In each case, the values and their descriptions were arrived upon after a long process of reflection, discussion, and debate, and they are in many ways the biggest bit of “work” that Maitri has done. It is the Vision and Values Statement, more than anything, that makes Maitri an intentional community–it encapsulates the way that Maitri’s members want to live, and the promises to themselves that they hope their housemates will help them to keep.
From Values to Practice
With these values in mind, Maitri’s members then formulated a Document of Intentions and Practices–a list of intentions, or ways that they hoped to live and act in order to embody their stated values. For example, because they value strong interpersonal relationships, they intend to meet regularly; make house decisions by consensus; listen carefully to one another; share openly; and discourage the use of televisions, computers, and other screens in common space. From these intentions (and others like them) flow Maitri’s specific practices: everything from meeting once a week for an hour and a half, to composting their kitchen waste.
Of course, most communities have some shared values, even if they are only implicit. Not having a written statement of house values certainly doesn’t prevent people from coming to collective decisions. And yet, there are solid benefits to having them agreed upon, and clearly articulated. According to Ryan of Maitri, the Vision and Values Statement functions as a “sort of fork–a way to hold ourselves in alignment with ourselves, and push ourselves to notice when we’re [making decisions or acting in ways that are] not in alignment with our values.” Furthermore, he says, “framing [disagreements] in terms of values helps move them away from tension between people and onto tension between values, and we become representatives of our values when we speak, rather than representatives of our personal preferences.” In other words, having an explicit set of shared values can help remind people to make collective decisions based upon what is best for the group, rather than merely what is most convenient for them. For instance, I as a hypothetical member of Maitri may really want to watch Jersey Shore on a giant TV in the living room, but I would also recognize that doing so would monopolize the space and overpower any interpersonal interactions that might otherwise occur there. And so, I would respectfully refrain.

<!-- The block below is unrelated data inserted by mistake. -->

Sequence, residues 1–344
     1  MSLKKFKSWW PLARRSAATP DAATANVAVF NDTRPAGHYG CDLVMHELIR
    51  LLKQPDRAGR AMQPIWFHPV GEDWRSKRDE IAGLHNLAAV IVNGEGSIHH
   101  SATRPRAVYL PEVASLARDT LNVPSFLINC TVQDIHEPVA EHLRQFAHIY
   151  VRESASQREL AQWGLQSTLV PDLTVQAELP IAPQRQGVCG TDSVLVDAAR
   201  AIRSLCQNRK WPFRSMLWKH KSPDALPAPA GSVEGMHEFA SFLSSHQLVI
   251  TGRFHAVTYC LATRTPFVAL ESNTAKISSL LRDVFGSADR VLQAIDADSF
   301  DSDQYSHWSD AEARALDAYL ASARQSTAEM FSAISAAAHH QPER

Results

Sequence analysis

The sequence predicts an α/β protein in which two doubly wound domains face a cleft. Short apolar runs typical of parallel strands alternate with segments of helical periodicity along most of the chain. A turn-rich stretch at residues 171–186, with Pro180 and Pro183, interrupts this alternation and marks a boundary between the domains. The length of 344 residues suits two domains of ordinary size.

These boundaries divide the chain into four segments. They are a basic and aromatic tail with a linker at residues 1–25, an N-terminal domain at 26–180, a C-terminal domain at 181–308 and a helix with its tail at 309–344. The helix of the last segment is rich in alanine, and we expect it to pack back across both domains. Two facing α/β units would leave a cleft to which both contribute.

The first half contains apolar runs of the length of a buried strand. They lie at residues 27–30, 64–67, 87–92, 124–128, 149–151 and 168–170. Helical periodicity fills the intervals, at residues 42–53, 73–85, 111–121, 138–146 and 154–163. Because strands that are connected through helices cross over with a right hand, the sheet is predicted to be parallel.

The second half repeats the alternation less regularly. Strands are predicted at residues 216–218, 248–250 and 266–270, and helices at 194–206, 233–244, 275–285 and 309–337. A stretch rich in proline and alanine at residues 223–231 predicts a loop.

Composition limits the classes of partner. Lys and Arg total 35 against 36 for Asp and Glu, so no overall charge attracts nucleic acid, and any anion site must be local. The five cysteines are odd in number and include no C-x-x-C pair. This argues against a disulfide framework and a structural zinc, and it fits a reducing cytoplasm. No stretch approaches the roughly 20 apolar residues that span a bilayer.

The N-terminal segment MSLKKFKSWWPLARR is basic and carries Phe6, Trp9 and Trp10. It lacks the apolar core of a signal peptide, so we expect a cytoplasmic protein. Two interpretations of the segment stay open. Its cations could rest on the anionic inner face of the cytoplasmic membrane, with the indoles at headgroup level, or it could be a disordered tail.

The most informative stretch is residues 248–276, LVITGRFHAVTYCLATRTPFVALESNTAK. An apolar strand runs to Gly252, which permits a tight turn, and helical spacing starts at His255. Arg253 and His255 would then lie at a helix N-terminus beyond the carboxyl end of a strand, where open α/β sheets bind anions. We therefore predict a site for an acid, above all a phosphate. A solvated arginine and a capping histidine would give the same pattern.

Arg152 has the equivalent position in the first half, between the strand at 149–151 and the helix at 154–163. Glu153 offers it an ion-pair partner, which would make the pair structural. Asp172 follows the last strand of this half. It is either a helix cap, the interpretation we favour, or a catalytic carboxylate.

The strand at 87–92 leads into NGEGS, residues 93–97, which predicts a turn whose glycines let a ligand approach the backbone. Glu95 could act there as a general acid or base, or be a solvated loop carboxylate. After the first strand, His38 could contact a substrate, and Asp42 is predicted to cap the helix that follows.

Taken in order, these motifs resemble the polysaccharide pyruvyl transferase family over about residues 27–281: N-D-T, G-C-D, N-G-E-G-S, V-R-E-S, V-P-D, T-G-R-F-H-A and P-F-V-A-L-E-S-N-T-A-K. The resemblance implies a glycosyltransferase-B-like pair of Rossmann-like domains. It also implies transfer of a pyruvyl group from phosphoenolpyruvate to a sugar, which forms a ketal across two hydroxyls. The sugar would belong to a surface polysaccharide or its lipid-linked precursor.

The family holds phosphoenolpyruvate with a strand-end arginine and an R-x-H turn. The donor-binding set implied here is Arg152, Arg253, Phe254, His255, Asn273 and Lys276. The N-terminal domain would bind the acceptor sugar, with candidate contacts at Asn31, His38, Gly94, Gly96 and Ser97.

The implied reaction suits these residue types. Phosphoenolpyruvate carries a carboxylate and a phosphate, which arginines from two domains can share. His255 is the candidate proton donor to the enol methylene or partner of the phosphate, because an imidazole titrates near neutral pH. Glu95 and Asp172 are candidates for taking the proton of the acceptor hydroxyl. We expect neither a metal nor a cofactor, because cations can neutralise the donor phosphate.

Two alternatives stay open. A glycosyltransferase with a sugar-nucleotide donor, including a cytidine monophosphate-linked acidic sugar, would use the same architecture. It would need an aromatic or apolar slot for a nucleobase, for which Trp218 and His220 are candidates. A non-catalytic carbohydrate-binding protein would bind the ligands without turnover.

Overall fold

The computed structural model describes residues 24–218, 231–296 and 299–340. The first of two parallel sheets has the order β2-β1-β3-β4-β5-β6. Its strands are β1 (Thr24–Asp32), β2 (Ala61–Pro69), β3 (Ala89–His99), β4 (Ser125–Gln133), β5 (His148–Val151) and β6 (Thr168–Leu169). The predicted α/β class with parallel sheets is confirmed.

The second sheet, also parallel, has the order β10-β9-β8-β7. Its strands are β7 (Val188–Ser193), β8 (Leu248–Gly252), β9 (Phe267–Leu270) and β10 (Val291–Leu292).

Maitri House Documents
This case study was written by SELC Rethinking Home Program Manager Sean Betouliere, with input from SELC Co-Director Janelle Orsi and volunteer attorney Esti Miller. Thank you to Ryan McAllister for sharing so much information about the Maitri community and its legal structure!